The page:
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Father’s Day DIY House Number Planter!

This Father’s Day, give Dad something he would actually enjoy! (Insider tip – he doesn’t really want soap on a rope!) A handsome pallet wood planter that holds your succulents and displays the house number is perfect! It is functional and attractive. And did I mention – it holds succulents? 🙂  I think this is a terrific gift, whether you make it and give it, or work together with Dad to make it – that could be part of the gift! Let me show you step-by-step how to make this Father’s Day DIY house number planter!

DIY Succulent Planter for Dad!

{Please note, some links in this post may be affiliate links to sites that pay me a small commission if you click on the link and make a purchase. This commission is at absolutely no cost to you. I only recommend products and companies that I have worked with and truly love! ~Kat}

Gather Supplies for Pallet Wood House Number Planter

The supplies needed to build a street address planter

Doing this project, really brought back so many memories of working with my Dad… Building shelves, going to the lumber yard, sanding and staining… So much. He would have really loved this – especially if we had worked on it together. Thanks, Dad, for – everything! Sigh… I really miss him.

OK – To make this house number planter for your, Dad, you will need:

1 pallet, disassembled, cut into:

4 pieces 15″ long

2 pieces ~14″ long (measure as below)

2 pieces 4″ long

1 piece ~13″ long (measure as below)

2 pieces of lath ~14″ long (measure as below)

Measuring tape or combination square

Floating house numbers, 5″

3/16″ drill bit

Wood glue or Fuze It(!)

Bar clamps or cool strap clamp

6 3/4″ screws

Wood stain

UV resistant, outdoor clear polyurethane

Foam brush

Soft rag

Succulent soil


Lay Out Pallet Wood Planter Pieces

Laying out the pieces for building the street address planter

If you are using pallet wood for this project, just accept that the wood available to you will vary in size and color. That is part of what makes upcycling pallet wood such a fun project! The width of the slats will vary from one pallet to the next, and often within a pallet. So we need to measure based on what is available. When you cut it between the nails, then the longest pieces you can get will be about 15 inches long. I used 4 for the back of my house number planter. If your house number is 4 digits, they will fit on 4 boards. But, if you prefer more space for the numbers, or if your house number is longer – just add extra boards!  🙂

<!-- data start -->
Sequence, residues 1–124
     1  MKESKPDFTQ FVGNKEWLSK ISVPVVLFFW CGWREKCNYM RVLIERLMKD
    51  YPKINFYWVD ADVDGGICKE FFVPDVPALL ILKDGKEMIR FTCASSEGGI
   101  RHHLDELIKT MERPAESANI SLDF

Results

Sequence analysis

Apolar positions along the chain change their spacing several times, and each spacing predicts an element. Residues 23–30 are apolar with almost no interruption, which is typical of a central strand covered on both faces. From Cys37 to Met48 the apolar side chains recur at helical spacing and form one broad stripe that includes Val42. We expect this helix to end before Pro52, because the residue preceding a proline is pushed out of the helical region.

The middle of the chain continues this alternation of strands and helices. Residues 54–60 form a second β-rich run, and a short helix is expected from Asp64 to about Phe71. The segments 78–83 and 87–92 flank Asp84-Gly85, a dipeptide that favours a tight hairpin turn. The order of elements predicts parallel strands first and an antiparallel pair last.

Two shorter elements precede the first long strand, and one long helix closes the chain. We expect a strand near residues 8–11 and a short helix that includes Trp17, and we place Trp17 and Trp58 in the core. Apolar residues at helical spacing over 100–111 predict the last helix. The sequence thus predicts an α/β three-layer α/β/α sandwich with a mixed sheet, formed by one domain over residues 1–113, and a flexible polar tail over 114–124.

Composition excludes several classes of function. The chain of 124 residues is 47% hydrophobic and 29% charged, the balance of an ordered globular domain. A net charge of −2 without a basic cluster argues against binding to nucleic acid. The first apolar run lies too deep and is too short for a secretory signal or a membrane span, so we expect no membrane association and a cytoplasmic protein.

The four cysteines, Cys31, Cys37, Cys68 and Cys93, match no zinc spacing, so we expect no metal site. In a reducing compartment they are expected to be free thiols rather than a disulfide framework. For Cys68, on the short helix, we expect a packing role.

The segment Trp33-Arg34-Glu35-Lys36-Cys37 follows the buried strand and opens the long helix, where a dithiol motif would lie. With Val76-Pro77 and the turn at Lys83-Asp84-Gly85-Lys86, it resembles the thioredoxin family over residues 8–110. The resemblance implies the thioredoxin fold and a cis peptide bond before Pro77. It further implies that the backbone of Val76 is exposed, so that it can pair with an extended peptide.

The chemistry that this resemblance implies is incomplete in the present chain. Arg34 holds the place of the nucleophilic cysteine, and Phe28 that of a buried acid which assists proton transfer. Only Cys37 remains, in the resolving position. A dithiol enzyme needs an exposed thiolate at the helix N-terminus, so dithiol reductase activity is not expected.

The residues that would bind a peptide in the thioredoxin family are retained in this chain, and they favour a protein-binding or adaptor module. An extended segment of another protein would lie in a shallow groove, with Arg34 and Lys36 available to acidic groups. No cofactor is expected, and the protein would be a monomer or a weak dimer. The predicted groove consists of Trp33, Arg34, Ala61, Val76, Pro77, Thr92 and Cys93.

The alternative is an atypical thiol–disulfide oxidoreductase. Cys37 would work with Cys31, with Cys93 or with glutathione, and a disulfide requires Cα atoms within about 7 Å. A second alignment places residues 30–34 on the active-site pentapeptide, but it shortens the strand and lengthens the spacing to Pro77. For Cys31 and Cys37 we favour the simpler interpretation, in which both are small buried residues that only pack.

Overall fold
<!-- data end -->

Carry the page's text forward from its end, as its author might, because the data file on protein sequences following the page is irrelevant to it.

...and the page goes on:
Lay out your boards until you have 4 pieces that are pretty straight, and close to one another in color. The total width of the 4 upright pieces is how long to make the long sides of the planter. Mine came to nearly 14 inches. Using a combination square, I was able to measure 2 pieces to the exact length. Then 2 pieces 4 inches long will be the sides of the planter.

Determine the Bottom for the Pallet Wood Planter

Measuring to determine the width of the bottom of the planter

Assemble the planter part first. Then we’ll work on the upright back. I beveled the pieces of wood for my pallet wood planter using a sliding compound miter saw that I love, but a simple miter box will work, too. If you want to skip the mitering, butt joints will work too. Subtract an inch from your side pieces if you choose to use butt joints, making them 3 inches long, and set them inside the long pieces. The bottom will be 3 inches wide, whether mitered from 4″, or using 3″ butt joints. Measure the length of your planter, and subtract the width of the side pieces. Mine came to ~13.25″.

Glue the Pallett Wood Planter Together

Preparing to clamp the planter sides using the awesome Bessey strap clamp

If you want to skip making the planter, this Bessey strap clamp is an awesome gift for Dad – or anyone who likes to do woodworking! It enables you to securely clamp multi-sided projects together all at once, and works fabulously for oddball shapes, side numbers and sizes.

But you don’t want to skip making this cool house number planter! So use wood glue, or (my new favorite) Fuze It (in a tube, or for a caulk gun) to glue the sides and bottom of the planter together. Be sure to use a formula that is waterproof and resistant to the elements. Your planter will need to stand up to soil, water and weather for years to come!

Clamp Pallet Wood Planter Together

The Bessey clamp holds the wood pieces in place while the glue dries

Apply wood glue or Fuze It to the joints for the sides and bottom of your planter. Securely clamp your pallet wood planter together. Bar clamps will work well if you don’t have a spiffy strap clamp. You can also nail or screw the sides into place. Allow a few hours for the glue to fully set.

Glue the Back of the House Number Planter

Gluing support pieces across the back of the street address planter

While the glue on the planter part is setting up, assemble and glue the back that will have the house numbers attached. Your 2 pieces of lath should be attached across the backside of the pieces of wood that will form the upright back of your house address planter. Gluing these pieces together like this will help to keep them in a straight line over the years of weathering to come. Be sure to measure the height of the planter you have in the clamps from the previous step. You want the bottom strip of lath to be above the planter. You will be screwing this back piece to the planter in a few steps.

Staining Pallet Wood Planter

Preparing to stain the street address planter

To stain or not to stain? Usually, when I am working with reclaimed wood, I prefer the natural look of it. See how the character of the wood in the image above really speaks of years of standing up to the elements? I love that look! But for this project, I selected the light colored, brush nickel house numbers, so I needed a dark planter for the contrast to have those numbers really show up well. The company does offer this same style of house numbers in black and in aged bronze. If you select a color like that, you can skip the stain and leave the pallet wood it’s natural color. I used leftover Minwax Jacobean wood stain for my house number planter. Use a paintbrush or foam brush to apply the stain, and wipe it off thoroughly with a clean, soft rag.